Oklahoma’s Big, Beautiful Yarn Bomb
Yarn bomb usually brings to mind smallish, fairly covert knitted or crocheted swatches that appear in public places. A form of transient graffiti, it’s become fairly common to see bright red scarves wrapped around urban birches or granny squares stitched to signposts. These mementos from fellow yarn lovers always brighten my day.
Over 350 knitters across Oklahoma came together this year to create one giant yarn bomb in Tulsa entitled The Unbearable Absence of Landscape. The project was coordinated by 108|Contemporary, a community arts organization and gallery in Tulsa’s Brady Arts District, with lead artist Romy Owens. Knitters across the state were invited to submit 8″ x 8″ knitted squares which were combined to create a knitted landscape image that covers the facade of the 108|Contemporary building. The work was “inspired by our current screen-based culture and the sprawl of urbanization; the pixilated landscape represents the physical absence as well as our digital obsession and disconnect with nature. From a distance, the installation appears to be an abstracted image of a prairie landscape, in essence making the gallery a part of the skyline.”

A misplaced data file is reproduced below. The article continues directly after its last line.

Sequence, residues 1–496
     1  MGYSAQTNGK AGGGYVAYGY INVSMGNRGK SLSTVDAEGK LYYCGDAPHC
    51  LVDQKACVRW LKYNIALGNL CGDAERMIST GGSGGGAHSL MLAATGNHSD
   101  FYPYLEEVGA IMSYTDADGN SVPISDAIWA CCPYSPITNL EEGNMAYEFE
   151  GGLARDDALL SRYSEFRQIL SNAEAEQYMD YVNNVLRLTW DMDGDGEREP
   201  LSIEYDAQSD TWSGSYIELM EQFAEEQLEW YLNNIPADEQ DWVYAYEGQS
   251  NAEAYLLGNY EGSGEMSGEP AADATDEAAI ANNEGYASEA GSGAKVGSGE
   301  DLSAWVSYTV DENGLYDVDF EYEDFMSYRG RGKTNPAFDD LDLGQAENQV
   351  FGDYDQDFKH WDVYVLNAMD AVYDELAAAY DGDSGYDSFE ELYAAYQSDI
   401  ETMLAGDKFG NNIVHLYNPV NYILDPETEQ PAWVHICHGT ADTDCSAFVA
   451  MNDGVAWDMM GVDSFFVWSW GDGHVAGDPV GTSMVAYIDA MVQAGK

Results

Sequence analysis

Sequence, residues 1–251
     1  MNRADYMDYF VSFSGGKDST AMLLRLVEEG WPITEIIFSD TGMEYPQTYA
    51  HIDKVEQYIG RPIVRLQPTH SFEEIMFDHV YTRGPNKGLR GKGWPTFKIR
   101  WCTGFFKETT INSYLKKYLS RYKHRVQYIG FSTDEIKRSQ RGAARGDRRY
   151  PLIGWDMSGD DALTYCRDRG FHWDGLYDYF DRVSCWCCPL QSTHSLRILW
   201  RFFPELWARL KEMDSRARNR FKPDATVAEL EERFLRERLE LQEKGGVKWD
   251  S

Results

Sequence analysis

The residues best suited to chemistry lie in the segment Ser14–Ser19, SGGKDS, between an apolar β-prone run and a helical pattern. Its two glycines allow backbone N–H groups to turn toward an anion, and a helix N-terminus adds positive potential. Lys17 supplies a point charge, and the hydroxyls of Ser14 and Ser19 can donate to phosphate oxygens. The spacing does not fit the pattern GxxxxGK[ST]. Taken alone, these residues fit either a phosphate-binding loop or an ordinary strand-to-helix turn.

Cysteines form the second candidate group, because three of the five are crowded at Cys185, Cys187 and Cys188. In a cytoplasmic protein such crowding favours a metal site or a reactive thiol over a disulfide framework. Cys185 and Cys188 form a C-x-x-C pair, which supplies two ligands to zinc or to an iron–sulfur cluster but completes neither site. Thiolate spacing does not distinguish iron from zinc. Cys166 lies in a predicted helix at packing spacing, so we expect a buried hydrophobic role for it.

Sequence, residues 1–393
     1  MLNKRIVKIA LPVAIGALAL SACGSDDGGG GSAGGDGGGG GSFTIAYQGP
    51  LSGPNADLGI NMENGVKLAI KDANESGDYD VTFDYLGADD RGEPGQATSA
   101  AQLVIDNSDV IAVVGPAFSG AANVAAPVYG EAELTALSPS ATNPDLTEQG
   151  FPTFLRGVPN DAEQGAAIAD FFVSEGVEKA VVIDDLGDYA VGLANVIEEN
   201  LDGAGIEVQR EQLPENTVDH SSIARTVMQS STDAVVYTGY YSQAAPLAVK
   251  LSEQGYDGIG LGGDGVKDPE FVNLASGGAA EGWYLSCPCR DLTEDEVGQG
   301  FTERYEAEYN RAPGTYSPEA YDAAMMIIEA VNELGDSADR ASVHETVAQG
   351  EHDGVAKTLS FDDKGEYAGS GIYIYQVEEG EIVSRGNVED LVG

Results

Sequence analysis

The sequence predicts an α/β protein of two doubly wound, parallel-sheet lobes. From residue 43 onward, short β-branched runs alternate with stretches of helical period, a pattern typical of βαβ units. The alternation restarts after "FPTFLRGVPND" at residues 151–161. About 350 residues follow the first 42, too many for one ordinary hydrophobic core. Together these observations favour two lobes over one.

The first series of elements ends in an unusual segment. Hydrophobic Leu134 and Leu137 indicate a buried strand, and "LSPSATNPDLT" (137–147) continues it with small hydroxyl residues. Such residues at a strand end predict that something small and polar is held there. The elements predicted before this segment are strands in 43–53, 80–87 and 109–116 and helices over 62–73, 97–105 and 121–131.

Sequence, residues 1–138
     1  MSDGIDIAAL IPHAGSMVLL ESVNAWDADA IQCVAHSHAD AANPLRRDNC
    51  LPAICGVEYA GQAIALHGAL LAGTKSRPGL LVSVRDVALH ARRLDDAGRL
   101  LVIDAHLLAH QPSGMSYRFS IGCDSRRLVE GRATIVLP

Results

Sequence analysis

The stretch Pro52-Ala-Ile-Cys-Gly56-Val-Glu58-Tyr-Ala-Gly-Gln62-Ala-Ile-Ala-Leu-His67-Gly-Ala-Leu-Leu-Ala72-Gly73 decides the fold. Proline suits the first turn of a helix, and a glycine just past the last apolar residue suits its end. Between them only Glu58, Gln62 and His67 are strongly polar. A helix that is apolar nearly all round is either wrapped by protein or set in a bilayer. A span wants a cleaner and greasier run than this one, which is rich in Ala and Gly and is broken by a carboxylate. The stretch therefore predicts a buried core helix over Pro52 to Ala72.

Owens connected with the legion of knitters primarily through social media. She said in a recent interview with Explore Tulsa, “In fact, I would say that without Facebook, this project wouldn’t have been possible.” Knitters were enthusiastically welcomed to participate in the endeavor and were given pattern instructions and yarn requirement information. All of the knitting was accomplished from February to August, and then about fifty people spent a combined one thousand hours seaming the squares into place. And how does one drape a building in knitted swatches? Watch a time-lapse video of the installation process.
News and images of the project have been swirling around the Internet. Guilds such as the Five Sisters Spinning Guild, a group of enthusiastic fiber artists who meet each month in Lawton, Oklahoma, were excited to see their contributions to the finished work.
If you are in the Tulsa area, stop by 108|Contemporary to see this important community installation. The Unbearable Absence of Landscape is on view until January 24, 2016.